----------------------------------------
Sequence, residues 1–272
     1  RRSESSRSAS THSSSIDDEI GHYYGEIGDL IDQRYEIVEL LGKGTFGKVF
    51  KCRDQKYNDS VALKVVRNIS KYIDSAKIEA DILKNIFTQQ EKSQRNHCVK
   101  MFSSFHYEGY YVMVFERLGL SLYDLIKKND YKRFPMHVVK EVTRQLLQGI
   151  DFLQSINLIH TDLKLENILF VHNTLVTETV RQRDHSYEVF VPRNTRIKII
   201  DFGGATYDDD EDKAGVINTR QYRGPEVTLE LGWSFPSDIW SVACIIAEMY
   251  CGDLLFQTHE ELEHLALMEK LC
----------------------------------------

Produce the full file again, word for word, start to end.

Sequence, residues 1–272
     1  RRSESSRSAS THSSSIDDEI GHYYGEIGDL IDQRYEIVEL LGKGTFGKVF
    51  KCRDQKYNDS VALKVVRNIS KYIDSAKIEA DILKNIFTQQ EKSQRNHCVK
   101  MFSSFHYEGY YVMVFERLGL SLYDLIKKND YKRFPMHVVK EVTRQLLQGI
   151  DFLQSINLIH TDLKLENILF VHNTLVTETV RQRDHSYEVF VPRNTRIKII
   201  DFGGATYDDD EDKAGVINTR QYRGPEVTLE LGWSFPSDIW SVACIIAEMY
   251  CGDLLFQTHE ELEHLALMEK LC